Aid deliveries into Tigray are “not matching the needs” of the stricken region, the United Nations food agency has said, even as a ceasefire takes hold in war-torn northern Ethiopia.
The World Food Programme (WFP) and its partners “urgently need access to all parts of the region to deliver food and nutrition assistance to 2.3 million vulnerable people,” the WFP said in a statement on Friday.
Restoring aid deliveries to Tigray was a key part of an agreement signed on November 2 to end a two-year war that has killed untold numbers of people and unleashed a humanitarian crisis.
The WFP said all four road corridors into Tigray had reopened since the ceasefire and humanitarian flights were flying into main cities, allowing a significant increase in aid supplies to reach the region.
However, it added that “access into some parts of eastern and central zones of Tigray remain constrained – affecting up to 170,000 mothers and children in need of food assistance.”
Aid into the region ground to a halt in late August when fighting resumed between the Ethiopian government and its allies, and fighters loyal to Tigray’s rebellious authorities.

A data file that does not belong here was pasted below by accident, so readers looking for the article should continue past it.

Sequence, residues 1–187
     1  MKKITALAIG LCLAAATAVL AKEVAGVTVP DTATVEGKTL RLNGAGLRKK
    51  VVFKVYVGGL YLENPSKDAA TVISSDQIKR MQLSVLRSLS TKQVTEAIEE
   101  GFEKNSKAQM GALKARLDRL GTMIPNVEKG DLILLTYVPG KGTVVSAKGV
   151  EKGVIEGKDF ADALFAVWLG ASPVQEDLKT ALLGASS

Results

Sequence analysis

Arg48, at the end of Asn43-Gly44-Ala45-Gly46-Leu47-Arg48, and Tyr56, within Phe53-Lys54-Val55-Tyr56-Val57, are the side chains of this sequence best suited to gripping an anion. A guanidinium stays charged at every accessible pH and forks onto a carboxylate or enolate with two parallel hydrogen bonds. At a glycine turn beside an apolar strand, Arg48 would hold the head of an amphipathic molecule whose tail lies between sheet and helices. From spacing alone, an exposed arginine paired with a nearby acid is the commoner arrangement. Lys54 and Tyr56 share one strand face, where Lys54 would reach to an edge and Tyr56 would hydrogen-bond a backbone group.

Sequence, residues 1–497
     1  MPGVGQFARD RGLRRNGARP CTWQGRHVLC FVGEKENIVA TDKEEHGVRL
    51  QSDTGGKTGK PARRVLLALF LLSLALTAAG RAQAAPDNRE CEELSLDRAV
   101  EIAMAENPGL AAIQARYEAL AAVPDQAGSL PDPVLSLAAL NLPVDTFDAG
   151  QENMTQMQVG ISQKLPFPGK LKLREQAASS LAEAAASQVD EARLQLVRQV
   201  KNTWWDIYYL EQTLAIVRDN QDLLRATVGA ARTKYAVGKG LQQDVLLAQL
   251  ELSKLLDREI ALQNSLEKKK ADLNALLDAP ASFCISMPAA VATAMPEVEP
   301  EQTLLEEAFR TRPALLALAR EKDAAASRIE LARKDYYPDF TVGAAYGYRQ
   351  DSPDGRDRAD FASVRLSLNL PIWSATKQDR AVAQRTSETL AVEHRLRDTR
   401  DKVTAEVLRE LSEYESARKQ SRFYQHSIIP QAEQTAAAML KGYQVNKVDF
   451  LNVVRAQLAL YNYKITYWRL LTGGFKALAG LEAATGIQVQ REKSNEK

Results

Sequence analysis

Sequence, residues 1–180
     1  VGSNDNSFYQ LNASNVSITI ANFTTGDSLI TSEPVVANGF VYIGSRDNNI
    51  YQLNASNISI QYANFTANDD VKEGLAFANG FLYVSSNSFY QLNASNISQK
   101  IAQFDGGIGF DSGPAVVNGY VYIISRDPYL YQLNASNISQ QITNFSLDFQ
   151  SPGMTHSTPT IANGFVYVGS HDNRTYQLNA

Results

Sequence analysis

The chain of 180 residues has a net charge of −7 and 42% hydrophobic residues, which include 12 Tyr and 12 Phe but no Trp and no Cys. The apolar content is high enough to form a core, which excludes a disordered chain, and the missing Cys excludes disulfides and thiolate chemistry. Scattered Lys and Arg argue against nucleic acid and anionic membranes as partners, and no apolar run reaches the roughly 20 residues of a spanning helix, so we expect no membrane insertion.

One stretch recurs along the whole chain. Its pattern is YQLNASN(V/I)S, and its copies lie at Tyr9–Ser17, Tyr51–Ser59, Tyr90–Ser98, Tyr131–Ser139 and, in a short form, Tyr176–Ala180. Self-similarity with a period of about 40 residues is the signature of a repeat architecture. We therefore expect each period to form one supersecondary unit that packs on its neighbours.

Even before the suspension of aid, the UN had warned many in Tigray already faced starvation, with some 90 percent of its six million people dependent on food assistance.
The region was isolated from the world for more than a year and faced severe shortages of medicines and limited access to electricity, banking and communications.
Since November 15 when road access improved, WFP said nearly 100 trucks had transported 2,400 metric tonnes of food and 100,000 litres (26,417 gallons) of fuel into the region.
Humanitarian flights carrying passengers to Mekele, the regional capital, have resumed for the first time since August, after receiving government approval. Aid charters into Shire, a northern city, also commenced for the first time ever.
“Since the start of November, WFP has reached 29 percent of its caseload of 2.1 million people with food assistance in the Tigray region,” WFP said.
It said an estimated 13.6 million people across Tigray and its neighbouring regions of Amhara and Afar were dependent on humanitarian aid as a result of the war, which broke out in November 2020.
Tigray’s authorities had been resisting central rule for months when Ethiopian Prime Minister Abiy Ahmed accused their leadership of attacking federal army camps and sent troops into the region.
The two parties signed a peace deal in South Africa on November 2 that agreed to unfettered aid into Tigray.